Background: Epidemiological data suggest that chronic HCV infection (CHC) is associated with increased cardiovascular risk, but it is unknown if it is associated with endothelial dysfunction. We aimed to assess the effect of antiviral treatment on endothelial function in non-cirrhotic adults with CHC.
Methods: Self-controlled before and after study. All patients had genotype-1 CHC and were treated with 12 weeks of paritaprevir/ritonavir, ombitasvir and dasabuvir (PrOD), with ribavirin added for those with genotype-1a infection. Endothelial function was assessed at three time points before antiviral treatment, at treatment weeks 1, 4, 8 and 12, and 12 weeks after the end of treatment. The main assessment tools were reactive hyperaemia peripheral arterial tonometry (RHPAT) and serum concentrations of angiopoietin-2 (Ang-2) and E-selectin.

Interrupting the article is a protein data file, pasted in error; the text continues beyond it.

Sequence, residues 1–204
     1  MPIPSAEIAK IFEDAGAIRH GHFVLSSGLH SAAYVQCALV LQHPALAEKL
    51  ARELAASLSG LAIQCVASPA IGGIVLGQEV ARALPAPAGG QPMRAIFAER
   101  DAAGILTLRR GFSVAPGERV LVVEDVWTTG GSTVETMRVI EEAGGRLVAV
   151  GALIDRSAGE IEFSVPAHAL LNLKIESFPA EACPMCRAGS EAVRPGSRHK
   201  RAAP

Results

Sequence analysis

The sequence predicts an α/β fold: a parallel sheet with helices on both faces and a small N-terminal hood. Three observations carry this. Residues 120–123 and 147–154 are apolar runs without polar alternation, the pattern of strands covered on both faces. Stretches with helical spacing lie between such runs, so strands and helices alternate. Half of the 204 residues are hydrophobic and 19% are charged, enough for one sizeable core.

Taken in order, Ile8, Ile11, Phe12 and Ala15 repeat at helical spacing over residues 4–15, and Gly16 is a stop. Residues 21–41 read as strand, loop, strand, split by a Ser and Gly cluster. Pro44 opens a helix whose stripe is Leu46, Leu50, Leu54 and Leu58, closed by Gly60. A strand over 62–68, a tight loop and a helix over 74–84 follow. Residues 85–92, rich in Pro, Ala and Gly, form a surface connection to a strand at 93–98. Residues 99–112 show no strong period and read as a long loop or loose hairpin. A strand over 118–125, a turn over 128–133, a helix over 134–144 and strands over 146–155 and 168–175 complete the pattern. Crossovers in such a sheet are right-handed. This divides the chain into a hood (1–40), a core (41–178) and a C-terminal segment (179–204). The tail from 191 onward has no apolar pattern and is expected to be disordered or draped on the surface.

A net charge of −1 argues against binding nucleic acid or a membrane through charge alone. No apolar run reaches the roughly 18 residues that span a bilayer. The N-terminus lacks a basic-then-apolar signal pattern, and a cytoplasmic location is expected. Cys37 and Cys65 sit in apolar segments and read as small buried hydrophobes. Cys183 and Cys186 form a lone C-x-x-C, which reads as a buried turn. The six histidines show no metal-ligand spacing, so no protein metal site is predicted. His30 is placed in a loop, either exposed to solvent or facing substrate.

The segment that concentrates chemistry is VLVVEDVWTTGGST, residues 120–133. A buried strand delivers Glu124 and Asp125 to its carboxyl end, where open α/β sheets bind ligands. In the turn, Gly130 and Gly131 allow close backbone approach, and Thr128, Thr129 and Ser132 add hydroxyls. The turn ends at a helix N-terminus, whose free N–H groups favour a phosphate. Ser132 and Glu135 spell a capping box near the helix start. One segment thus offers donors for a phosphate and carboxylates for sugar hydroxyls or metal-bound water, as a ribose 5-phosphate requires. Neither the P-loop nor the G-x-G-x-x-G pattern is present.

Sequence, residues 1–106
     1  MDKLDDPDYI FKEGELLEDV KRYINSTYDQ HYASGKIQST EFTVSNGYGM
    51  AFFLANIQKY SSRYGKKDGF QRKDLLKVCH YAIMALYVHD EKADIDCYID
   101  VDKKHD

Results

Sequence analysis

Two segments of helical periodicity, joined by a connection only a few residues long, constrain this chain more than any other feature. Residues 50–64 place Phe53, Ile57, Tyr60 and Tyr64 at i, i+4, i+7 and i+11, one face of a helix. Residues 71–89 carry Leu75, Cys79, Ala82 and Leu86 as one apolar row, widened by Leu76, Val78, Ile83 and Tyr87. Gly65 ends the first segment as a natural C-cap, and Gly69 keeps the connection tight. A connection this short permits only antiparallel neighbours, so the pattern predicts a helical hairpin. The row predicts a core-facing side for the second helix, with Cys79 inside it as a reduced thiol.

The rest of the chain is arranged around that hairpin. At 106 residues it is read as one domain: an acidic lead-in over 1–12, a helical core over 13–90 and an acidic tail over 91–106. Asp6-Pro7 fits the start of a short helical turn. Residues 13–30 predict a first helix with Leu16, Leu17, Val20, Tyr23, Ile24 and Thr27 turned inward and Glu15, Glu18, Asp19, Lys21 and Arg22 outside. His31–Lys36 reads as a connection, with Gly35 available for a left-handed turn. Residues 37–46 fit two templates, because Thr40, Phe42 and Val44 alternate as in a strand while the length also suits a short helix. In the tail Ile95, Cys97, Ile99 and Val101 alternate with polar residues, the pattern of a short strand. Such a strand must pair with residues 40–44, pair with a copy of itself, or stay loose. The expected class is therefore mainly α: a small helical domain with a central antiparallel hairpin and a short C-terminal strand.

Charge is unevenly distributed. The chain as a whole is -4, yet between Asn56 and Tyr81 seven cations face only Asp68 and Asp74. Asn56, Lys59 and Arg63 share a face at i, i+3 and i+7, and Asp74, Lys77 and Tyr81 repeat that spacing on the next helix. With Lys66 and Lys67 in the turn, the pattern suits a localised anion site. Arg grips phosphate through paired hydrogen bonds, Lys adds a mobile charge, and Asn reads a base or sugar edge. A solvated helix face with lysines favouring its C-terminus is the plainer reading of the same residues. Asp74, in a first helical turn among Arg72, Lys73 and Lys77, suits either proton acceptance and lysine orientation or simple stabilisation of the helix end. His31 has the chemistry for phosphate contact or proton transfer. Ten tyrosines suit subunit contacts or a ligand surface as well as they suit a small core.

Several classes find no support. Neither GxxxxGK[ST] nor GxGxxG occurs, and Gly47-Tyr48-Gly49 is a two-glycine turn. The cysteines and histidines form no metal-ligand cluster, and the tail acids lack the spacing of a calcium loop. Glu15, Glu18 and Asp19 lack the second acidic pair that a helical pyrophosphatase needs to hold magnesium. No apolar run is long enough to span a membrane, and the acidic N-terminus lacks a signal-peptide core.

Results: A total of 16 patients were enrolled. Mean (sd) age was 51.4 (6.9) years and 11 participants (69%) were male. All 16 patients achieved a sustained virological response. The mean (sd) baseline RHPAT index was 2.05 (0.48), and there was no significant change during treatment (mean within-patient change from baseline to end of treatment =-0.23 [0.45]; P= not significant). There was a significant improvement in both mean Ang-2 (baseline 2.44 [0.79] ng/ml, within-patient change -0.60 [0.44]; P<0.001) and E-selectin (baseline 48.7 [21.5] ng/ml, within-patient change -14.4 [13.0]; P<0.001).
Conclusions: Removing HCV viraemia is associated with a significant improvement in endothelial function as measured by serum markers, but not in bedside microvascular reactivity. Chronic HCV viraemia may be associated with endothelial cell dysfunction and therefore long-term cardiovascular risk.